Whether the motivation was a new career, adventure or a better standard of living, many Black women are making the intentional decision to settle abroad—a trend that has only surged since the onset of the pandemic.
“I read a great quote years ago, ‘Go where you’re celebrated, not where you’re tolerated,’ and for me, I was celebrated in Paris,” says April Verge, a travel blogger at Dreaming in French Blog. She moved to France in 2020.
After visiting the City of Lights for the first time, Verge describes a feeling that she had never experienced in the States before: the freedom to exist the way she wanted to.
“Paris has always been a place where Black people could go and just be people,” says Verge. “The freedom I experienced as a Black woman—I was treated better in a foreign land than I was in the United States.”
Inspiration for leaving the country varies from person to person, but one common catalyst was the murder of an unarmed George Floyd by police in summer 2020 that sparked the Black Lives Matter movement—the largest protest movement in U.S. history.
“Time and time again, the United States has shown people of color, and Black Americans in particular, that we are not welcome,” says Janelle (Jash) Cooper, a travel content creator at Joyriding with Jash. “In a country that we built, we have to work twice as hard to get half as far and it is exhausting mentally, physically and emotionally.”
This isn’t a new phenomenon. Black Americans trading in their red and white stripes of the U.S. for life as expats dates back to the 20th century. Think James Baldwin and Josephine Baker, who famously fled American soil and took up residency in France where their artistic dreams could be realized.
In a speech about her relocation to Paris, Baker said, “I ran far away [from America] to a place called France…in that country I never feared. It was like a fairyland.”
In addition to the freedom from the unique brand of racism where people often feel they are seen as Black first and American second, Black emigres attest to an increased standard of living in their newfound homes—lower costs of living, increased safety, healthier food options and even an escape from the hustle, “always on” culture of America.
Corritta Lewis, HRIS analyst and founder of It’s a Family Thing, moved with her family to Playa Del Carmen, Mexico, in 2020 after being laid off from her job. What initially was supposed to be a months-long hiatus to lessen the financial load turned into a year-and-a-half stay because of the overwhelming sense of acceptance.
“Surprisingly, we were welcomed into the community by the locals in a way we did not expect,” says Lewis. “It was amazing for us to be in a place where we knew we stuck out, but it didn’t matter because we were part of a community.”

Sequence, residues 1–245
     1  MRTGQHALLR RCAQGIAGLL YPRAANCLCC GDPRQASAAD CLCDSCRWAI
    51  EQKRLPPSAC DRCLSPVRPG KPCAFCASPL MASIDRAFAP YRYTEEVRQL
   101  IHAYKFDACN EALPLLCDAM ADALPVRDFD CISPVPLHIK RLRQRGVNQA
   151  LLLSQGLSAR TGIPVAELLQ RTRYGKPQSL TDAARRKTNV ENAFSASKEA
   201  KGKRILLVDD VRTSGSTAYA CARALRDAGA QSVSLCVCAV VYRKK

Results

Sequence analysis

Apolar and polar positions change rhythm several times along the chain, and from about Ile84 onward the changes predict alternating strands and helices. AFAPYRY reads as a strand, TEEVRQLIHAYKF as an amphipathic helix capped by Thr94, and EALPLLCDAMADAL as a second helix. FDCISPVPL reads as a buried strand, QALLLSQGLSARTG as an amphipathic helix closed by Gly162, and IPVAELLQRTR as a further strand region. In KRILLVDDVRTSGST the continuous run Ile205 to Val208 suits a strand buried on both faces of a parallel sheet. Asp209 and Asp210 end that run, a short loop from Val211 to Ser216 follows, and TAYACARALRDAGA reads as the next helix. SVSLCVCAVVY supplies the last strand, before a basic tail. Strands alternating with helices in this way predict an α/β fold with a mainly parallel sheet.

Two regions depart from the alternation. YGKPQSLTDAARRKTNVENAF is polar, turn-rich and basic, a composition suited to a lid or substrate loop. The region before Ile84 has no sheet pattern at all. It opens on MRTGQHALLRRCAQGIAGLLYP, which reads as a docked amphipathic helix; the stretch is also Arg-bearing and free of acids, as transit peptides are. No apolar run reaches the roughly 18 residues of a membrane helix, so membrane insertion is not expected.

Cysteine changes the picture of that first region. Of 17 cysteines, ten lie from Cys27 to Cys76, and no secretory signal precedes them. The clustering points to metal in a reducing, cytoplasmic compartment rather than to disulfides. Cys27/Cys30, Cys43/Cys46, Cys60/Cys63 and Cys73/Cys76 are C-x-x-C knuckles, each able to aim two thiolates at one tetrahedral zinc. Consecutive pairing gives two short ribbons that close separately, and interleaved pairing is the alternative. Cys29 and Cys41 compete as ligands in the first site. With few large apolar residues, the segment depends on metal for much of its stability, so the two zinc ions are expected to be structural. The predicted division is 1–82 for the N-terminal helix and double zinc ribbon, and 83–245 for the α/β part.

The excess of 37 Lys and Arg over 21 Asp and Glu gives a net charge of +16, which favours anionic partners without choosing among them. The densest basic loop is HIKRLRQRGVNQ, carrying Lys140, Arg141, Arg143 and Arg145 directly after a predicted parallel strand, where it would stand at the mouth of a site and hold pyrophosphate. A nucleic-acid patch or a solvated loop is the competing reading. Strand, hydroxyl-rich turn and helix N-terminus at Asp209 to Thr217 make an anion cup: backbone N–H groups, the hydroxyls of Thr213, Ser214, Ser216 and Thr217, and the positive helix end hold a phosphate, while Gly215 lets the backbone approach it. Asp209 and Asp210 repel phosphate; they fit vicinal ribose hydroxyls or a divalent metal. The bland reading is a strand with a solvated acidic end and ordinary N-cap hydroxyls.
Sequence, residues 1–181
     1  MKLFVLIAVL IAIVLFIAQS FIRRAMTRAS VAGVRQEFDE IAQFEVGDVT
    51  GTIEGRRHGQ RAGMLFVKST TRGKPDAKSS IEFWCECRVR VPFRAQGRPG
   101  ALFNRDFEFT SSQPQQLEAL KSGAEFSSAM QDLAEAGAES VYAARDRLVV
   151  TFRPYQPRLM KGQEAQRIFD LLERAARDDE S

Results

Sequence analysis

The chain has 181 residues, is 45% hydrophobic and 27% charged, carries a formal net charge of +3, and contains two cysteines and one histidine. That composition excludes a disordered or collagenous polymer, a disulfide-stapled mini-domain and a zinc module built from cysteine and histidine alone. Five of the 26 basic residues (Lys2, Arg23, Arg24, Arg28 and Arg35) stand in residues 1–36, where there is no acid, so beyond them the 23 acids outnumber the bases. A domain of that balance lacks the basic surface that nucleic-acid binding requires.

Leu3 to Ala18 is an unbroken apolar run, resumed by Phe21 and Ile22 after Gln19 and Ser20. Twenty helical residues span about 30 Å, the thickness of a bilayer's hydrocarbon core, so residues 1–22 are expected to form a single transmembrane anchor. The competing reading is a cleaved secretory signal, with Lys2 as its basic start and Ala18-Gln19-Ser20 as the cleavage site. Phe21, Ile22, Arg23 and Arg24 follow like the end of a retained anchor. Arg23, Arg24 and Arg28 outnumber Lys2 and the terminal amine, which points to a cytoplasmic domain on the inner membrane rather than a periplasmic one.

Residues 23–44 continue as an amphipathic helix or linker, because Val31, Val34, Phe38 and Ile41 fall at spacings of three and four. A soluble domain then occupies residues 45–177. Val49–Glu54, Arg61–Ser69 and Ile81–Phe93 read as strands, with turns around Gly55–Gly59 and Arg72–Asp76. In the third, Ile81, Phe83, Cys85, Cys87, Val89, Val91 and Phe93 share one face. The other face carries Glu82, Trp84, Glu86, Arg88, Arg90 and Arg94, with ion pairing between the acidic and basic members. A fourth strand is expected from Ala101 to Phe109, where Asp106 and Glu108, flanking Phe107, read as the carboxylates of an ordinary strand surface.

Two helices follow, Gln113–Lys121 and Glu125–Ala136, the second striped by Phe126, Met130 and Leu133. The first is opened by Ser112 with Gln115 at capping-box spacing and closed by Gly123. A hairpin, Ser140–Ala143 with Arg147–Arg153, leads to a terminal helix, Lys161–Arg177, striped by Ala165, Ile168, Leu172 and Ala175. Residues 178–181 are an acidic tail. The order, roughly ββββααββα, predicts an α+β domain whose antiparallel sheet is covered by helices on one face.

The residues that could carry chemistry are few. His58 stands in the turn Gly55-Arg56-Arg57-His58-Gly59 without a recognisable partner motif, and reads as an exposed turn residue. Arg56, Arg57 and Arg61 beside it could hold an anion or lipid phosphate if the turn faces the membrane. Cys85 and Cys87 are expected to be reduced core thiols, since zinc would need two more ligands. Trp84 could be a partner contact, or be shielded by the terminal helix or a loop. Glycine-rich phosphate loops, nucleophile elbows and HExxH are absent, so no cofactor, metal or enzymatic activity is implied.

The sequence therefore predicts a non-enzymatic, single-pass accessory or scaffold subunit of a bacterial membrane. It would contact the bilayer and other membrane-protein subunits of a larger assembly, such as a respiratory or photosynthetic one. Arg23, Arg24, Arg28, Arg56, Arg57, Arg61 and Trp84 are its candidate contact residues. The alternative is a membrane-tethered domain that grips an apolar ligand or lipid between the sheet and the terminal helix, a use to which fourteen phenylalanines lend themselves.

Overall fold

Danielle Hodge, an event producer and CEO of Alma Ocean, says that her life in Melbourne, Australia, is both healthier and safer. “I’m definitely living a more simplified life, which I’m loving and embracing,” she says.
Hodge adds: “As a Black woman, I definitely feel safe walking down the streets here more so than in America—and there are not as many cops in sight as in the States.”
Lewis agrees that the experience with police is unique from America, where Black Americans account for a third of the prison population but only 13% of the overall population. “In the U.S., we always felt anxious anytime we saw a police car, but in Mexico, we see the military and the policía on a regular basis and aren’t bothered,” she says. “We do not have the same sense of anxiety.”
Lewis emphasizes another refreshing change: the lack of consumerism. “The biggest difference is…there is no pressure to wear the most fashionable clothes, have the latest car or even look a certain way,” she says. “Life here is a lot more carefree, and there’s less stress and pressure.”
Alero Akuya, vice president of global brand at LEGO Group, has found a slower pace of life since her move to Copenhagen, Denmark, at the end of 2020. Since her move, she has mastered the art of hygge, which translates to “cozy” in Danish. She creates space for more downtime and hosts friends for dinner parties often.
“Work is not at the center of life, nor is it a part of your identity,” says Akuya. “Here, in fact, it takes a backseat to your well-being, family and community.”
No Rose-Colored Lens for Expats
Although Akuya’s life in Denmark is ideal, it isn’t free from racism and discrimination. Black American citizens who are considering the big move should be aware of the racism that they will likely encounter at some point while living abroad.
“Like anywhere else in the world, inequality can be found here among immigrant communities,” she says.
In Australia, instead of Black expats, Indigenous Australians have a long-standing history of being targets of racism and discrimination.
“It’s a breeze here as a Black Westerner, but Aboriginal Australians are the group referred to as Black and, unfortunately, experience a lot of racism,” says Hodge.
Advice for Potential and Future Expats
Community is key when moving to a new country, says Akuya, especially when faced with obstacles. She adds, “My advice is to give [life abroad] the old college try. You will go through peaks and valleys, but with a strong community, you will enjoy your time and endure the challenges that come your way.”
Verge agrees about the value of building your network, specifically with locals. “Befriending locals is a great way to adjust to a new country because you can ask questions, ask for help and get an explanation of local cultural norms,” she says.
Hodge sums it up best for those who are on the fence: “Nothing is holding you back but yourself. Get out of your own way and explore.”